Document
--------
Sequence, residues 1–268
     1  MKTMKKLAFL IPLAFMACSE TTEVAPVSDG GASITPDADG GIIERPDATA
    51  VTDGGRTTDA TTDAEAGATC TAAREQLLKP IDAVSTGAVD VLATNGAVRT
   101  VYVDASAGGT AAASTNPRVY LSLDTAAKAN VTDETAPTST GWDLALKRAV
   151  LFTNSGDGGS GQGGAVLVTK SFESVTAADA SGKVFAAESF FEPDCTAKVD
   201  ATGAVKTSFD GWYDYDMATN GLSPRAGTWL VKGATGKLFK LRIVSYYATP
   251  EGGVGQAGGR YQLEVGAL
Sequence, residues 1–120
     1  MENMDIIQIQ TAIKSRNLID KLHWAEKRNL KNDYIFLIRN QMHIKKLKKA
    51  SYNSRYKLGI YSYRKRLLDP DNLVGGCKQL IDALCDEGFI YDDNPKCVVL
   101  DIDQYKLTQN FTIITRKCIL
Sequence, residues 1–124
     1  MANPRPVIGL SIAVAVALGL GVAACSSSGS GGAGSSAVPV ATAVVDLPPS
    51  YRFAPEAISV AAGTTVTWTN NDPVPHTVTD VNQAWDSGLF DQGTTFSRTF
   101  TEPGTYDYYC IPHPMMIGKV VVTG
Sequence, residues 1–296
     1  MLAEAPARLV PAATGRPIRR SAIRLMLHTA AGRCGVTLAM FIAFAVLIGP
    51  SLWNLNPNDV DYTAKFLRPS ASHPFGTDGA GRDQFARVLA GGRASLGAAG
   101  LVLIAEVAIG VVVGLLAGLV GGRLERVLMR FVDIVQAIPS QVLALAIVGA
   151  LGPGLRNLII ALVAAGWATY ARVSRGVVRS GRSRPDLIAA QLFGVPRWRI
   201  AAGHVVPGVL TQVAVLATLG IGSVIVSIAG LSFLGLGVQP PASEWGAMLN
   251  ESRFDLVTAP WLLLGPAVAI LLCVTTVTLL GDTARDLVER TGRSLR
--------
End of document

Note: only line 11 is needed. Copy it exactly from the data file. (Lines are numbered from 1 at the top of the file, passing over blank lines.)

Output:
   101  DIDQYKLTQN FTIITRKCIL